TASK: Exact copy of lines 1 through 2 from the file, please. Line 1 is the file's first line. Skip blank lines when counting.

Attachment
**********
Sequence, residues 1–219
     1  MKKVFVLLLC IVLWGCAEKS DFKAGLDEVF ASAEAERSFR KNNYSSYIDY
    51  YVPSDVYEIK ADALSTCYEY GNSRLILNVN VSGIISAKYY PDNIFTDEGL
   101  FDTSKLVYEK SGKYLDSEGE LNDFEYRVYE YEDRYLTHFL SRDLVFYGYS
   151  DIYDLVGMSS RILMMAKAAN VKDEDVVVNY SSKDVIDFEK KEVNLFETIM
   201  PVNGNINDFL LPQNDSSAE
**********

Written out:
Sequence, residues 1–219
     1  MKKVFVLLLC IVLWGCAEKS DFKAGLDEVF ASAEAERSFR KNNYSSYIDY